The What-Ifs exhibition at Platform Arts in Belfast examines the interconnectivity of art in society and it’s relationship with the built environment. In addition the artist Fiona Ni Mhaoilir employs humour to parody the preconceptions associated with the reverence accorded to academic theory. The exhibition runs until 27 October.
Illustrating the function of a gallery as a loaded environment in relation to the works exhibited Ni Mhaoilr has meticulously prepared every aspect of the space; from the carefully selected lighting, to the white mesh shades on the windows. The plinths displaying a series of small-scale sculptural works are neatly organized so that they sit in balanced conjunction. This arrangement creates a linear formation enabling each of the works sufficient room to breathe and connect cohesively with each other. One becomes aware of the artist’s intention to communicate a sense of order. There is also an underlying thematic approach inherent here as the construction of the pieces seems emergent from the deconstruction of the materials employed. Death by Titanium White serves as an introduction to the exhibition presenting the viewer with a glimpse of this order/disorder. A pot of white paint has been upturned and spilt across the top of the plinth; four wooden clothes pegs lie in the spillage, coated in the excess of the aftermath. This deliberate accident appears to play upon the female painter’s frustration at the limitations of a career in a traditionally male dominated practice. Removed from it’s domestic context, the common clothes peg features throughout most of the works and it is the artist’s appropriation of this readymade that metaphorically underpins the narratives explored in the exhibition.
With the recent proliferation of poor quality public art sculptures afflicting the Northern Irish landscape and townscapes Ni Mhaoilir offers an alternative perspective to this predicament in the ten collective works entitled The Minumentals: Portable Public Art Proposals. The small scale presents the viewer with an opportunity to relate to the miniature constructs in a tangible way compared to a towering shrine erected in the public domain, usually as a testament to a locale’s history. Although assembled from inexpensive materials each Minumental is rendered precious and alluring by the artist’s careful attention to detail and the competent execution of the selected media. Resembling delicate white porcelain leaves layers of dried white paint adorns the conical structures of Player 1, Player 2 and Culturevator. One of the most fascinating pieces in the exhibition entitled The Burghers of Belfast presents a contemplation on Rodin’s monumental bronze commission Les Bourgeois de Calais (1889). The thick skin of the white paint drapes, slumps and folds across the backbone of the signature peg, each crease adhering to elements of Rodin’s original memorial. Stripped of its precious materiality the artist wishes to convey the fundamental aspects of the heroic Burghers’ self-sacrifice.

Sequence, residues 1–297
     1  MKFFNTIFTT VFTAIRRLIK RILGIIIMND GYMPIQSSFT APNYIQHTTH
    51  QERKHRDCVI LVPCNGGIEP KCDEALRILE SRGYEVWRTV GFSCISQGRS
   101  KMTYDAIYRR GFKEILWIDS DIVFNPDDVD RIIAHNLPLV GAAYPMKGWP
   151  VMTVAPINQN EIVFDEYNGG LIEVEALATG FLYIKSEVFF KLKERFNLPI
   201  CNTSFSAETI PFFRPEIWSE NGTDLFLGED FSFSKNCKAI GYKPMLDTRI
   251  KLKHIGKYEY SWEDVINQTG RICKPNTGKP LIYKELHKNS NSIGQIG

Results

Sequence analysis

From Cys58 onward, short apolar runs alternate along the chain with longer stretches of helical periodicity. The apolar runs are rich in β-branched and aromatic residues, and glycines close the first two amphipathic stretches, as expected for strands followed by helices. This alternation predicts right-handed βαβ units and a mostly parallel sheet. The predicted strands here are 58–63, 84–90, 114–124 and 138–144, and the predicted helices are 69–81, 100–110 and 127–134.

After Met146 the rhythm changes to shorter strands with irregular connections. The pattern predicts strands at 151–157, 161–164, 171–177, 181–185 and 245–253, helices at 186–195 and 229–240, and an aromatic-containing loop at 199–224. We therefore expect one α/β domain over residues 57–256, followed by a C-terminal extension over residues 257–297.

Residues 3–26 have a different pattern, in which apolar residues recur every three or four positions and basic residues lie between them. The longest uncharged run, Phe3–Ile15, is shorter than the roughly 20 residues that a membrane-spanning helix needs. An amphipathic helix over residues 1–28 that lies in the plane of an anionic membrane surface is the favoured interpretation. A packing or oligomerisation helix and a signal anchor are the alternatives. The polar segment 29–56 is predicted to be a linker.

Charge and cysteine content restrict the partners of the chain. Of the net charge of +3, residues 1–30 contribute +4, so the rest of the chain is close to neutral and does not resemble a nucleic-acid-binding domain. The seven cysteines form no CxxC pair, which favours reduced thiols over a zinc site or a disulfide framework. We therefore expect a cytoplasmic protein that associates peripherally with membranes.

The socio-political affiliations of commerce are questioned by Ni Mhaoilir in the works Culturevator and Main Street. A torn Dollar bill encased in a plastic vending machine ball sits on top of a circular structure constructed from pegs, a golden thread attached to a piece of lead weighs down the decommissioned money. Main Street perhaps represents an economy and a cultural identity that is dependant on America and a foreign power that dictates our successes and failures.
In Manicfesto the artist constructs a conceptual pillar from the language of art theory; its classical structure belying the philosophical underpinning of modern academia. Appearing elitist and dependent on pseudo-intellectual pronouncements using obscure language the neo-classical edifice seems built on Ni Mhaoilir ironic columns. Through her direct engagement with issues of power within the field of art Ni Mhaoilir has created a collection of works that engage larger concerns than their scale would indicate.
The What-Ifs, Fiona Ni Mhaoilir, runs until October 27th Platform Arts, 1 Queen St Belfast.
Photographs by Catherine Devlin
1. Main Street (2012) courtesy the artist